De poursuivre Benoît Charette : « il y a des projets qui seront acceptés et ils vont générer davantage de gaz à effet de serre ».

« D’un autre côté, ajoute-t-il, il y a des mesures qui, souhaitons-le, seront encore plus importantes. […] Au final, le Québec émettra moins de gaz à effet de serre, ce qui est l’objectif du gouvernement du Québec ».

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Ottawa sets monthly record for total COVID-19 cases with 99 new cases on Friday

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Sixteen days into October, Ottawa has already set the record for most cases of COVID-19 in a single month.

Ottawa Public Health reported 99 new cases of COVID-19 in Ottawa today, and three more deaths linked to novel coronavirus.

Ontario’s Ministry of Health had reported 108 new cases of COVID-19, but there is sometimes a lag in COVID-19 case reporting between Ontario and Ottawa Public Health. On Wednesday, Ontario reported 39 new cases in Ottawa, while Ottawa Public Health reported 45 new cases.

There have been 1,511 laboratory-confirmed cases of COVID-19 in Ottawa in October, surpassing the September record of 1,413 new cases.

Since the first case of COVID-19 on March 11, there have been 5,908 laboratory-confirmed cases of COVID-19 in Ottawa, including 301 deaths.

Across Ontario, there are 712 new cases of COVID-19 on Friday. Health Minister Christine Elliott reported 213 new cases in Toronto, 135 in Peel Region and 62 in York Region.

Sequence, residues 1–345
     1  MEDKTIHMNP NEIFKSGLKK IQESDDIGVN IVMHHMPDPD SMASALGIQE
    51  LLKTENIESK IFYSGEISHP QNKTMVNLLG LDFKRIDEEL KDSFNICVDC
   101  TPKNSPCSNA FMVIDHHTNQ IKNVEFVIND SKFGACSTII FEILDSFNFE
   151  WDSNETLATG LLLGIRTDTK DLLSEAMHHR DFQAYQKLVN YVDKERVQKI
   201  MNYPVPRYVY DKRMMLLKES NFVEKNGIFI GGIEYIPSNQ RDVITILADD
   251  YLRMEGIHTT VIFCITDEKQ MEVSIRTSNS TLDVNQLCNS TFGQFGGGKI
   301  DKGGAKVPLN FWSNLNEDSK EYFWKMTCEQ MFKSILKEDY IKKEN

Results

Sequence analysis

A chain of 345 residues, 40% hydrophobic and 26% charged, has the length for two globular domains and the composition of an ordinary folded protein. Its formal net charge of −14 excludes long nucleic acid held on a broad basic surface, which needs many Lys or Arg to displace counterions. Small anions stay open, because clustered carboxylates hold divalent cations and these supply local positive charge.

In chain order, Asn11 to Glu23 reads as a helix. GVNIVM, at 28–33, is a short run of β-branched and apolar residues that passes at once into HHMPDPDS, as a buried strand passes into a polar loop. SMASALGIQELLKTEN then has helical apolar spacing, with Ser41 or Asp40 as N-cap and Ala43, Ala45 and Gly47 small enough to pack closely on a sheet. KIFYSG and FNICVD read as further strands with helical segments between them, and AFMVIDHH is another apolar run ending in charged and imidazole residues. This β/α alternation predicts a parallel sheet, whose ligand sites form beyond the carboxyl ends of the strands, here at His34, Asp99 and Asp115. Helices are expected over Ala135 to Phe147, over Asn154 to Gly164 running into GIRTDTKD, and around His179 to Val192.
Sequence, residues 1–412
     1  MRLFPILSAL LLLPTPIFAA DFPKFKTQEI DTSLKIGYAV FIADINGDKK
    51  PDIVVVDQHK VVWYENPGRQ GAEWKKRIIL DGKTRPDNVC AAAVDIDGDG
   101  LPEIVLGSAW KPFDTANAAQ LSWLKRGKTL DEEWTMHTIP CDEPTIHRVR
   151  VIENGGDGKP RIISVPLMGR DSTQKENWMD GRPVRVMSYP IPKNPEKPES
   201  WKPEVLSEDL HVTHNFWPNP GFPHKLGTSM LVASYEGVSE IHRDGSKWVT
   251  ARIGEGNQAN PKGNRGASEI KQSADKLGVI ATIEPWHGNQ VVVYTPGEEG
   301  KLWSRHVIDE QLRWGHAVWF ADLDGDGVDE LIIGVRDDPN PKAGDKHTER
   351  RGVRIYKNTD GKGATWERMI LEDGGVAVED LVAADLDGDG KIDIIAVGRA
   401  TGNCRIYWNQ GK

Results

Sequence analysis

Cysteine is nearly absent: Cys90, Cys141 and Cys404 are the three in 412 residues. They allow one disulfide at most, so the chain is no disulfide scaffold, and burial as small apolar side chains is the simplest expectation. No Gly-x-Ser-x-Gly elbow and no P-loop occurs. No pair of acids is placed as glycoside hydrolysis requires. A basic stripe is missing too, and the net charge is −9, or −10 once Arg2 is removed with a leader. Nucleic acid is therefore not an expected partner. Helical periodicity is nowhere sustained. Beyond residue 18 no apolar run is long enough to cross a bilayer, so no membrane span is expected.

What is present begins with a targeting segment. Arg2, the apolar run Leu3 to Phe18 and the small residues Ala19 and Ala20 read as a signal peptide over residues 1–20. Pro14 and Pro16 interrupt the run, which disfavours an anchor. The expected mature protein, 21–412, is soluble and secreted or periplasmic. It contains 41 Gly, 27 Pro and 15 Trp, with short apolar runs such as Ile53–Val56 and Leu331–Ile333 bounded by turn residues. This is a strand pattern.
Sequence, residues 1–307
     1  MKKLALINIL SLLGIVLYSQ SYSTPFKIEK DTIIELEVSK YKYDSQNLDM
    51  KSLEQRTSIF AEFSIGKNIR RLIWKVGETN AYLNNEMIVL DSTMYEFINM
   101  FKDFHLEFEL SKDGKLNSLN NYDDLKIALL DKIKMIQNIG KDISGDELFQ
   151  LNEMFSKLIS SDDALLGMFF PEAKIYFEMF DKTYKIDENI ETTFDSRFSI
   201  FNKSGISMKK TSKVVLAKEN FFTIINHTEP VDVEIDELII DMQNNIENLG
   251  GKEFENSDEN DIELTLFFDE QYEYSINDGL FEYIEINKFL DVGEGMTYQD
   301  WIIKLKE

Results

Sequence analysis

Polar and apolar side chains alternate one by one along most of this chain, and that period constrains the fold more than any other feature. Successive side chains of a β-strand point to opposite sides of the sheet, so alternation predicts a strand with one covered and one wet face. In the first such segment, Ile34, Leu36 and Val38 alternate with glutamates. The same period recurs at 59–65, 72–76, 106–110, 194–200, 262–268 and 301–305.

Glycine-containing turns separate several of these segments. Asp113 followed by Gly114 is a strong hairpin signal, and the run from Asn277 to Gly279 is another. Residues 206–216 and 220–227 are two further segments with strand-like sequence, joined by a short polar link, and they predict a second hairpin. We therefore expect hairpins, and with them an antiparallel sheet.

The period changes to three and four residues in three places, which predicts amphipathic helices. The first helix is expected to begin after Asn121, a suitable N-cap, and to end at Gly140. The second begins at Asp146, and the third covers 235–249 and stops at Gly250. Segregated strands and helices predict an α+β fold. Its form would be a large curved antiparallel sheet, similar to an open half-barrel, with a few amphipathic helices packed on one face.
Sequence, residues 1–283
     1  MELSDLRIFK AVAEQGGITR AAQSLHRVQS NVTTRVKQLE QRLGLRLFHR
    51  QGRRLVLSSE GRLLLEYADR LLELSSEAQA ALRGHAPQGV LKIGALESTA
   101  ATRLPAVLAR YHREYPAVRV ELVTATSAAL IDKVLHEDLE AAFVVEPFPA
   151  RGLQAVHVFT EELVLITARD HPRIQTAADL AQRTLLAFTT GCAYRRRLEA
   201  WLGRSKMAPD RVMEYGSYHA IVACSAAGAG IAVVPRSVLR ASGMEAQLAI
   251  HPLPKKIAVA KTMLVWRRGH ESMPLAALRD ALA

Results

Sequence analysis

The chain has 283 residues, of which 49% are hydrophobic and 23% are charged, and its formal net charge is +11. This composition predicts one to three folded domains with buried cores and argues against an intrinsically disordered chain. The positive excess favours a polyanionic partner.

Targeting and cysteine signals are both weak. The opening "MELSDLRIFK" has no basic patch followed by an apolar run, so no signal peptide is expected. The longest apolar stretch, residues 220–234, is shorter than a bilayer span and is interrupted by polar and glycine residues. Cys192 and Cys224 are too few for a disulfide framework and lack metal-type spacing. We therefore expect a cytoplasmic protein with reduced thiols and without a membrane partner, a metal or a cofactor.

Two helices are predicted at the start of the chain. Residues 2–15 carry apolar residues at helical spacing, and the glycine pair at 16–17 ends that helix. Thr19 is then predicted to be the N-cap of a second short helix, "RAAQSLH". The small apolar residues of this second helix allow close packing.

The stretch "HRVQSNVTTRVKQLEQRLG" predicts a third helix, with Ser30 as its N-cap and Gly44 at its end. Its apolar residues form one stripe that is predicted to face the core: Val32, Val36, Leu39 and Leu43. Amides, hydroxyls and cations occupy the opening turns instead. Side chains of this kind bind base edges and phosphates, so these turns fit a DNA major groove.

HOSPITALIZATIONS IN OTTAWA

One more person was admitted to an Ottawa hospital with COVID-19 related illnesses on Friday.

Ottawa Public Health reports 47 people are currently in hospital with COVID-19, including eight in the intensive care unit.

ACTIVE CASES OF COVID-19 IN OTTAWA

The number of active cases of COVID-19 increased on Friday.

There are 792 active cases of COVID-19 in Ottawa, up from 777 active cases on Thursday.

A total of 4,806 people have recovered after testing positive for COVID-19.

The number of active cases is the number of total laboratory-confirmed cases minus the numbers of resolved cases and deaths. A case is considered resolved 14 days after known symptom onset or positive test result.

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Ottawa mayor rejects possible return of Ottawa-Gatineau border checkpoints, ‘I really don’t think they work’

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Mayor Jim Watson does not want to see police checkpoints return to the five interprovincial crossings between Ottawa and Gatineau, saying “I really don’t think they work.”

Earlier this week, Gatineau Mayor Maxime Pedneaud-Jobin told the Ottawa Citizen that police checkpoints could return to the Ottawa-Gatineau border at “any time,” with the final decision in the hands of the Quebec Government. Earlier this month, Dr. Brigitte Pinard of the Centre Integre de sante et de services sociaux de l’Outaouais said border checkpoints were “possible,” adding “right now, our message is to limit large gatherings.”

When asked by CTV Morning Live host Leslie Roberts about the possibility of police checkpoints returning to the Ontario-Quebec border, Watson said he did not think they worked back in the spring.

“There were so many gaps when the police were not there, and people just figured out I’ll go at an earlier time or a later time. We saw police officers sticking their heads in the car with no masks, so that was not healthy for those individuals,” said Watson Friday morning.

“It’s a costly expense when our police are stretched already to the limit trying to do the work, to have them set up at five different bridge points potentially 24 hours a day would cost hundreds of thousands of dollars every month and I think the money is better spent.”

On April 1, Gatineau Police and the Surete du Quebec set up checkpoints along the Ottawa-Gatineau border to limit non-essential trips into Gatineau. Gatineau Police estimated the random police checkpoints between April 1 and May 17 cost the service more than $400,000.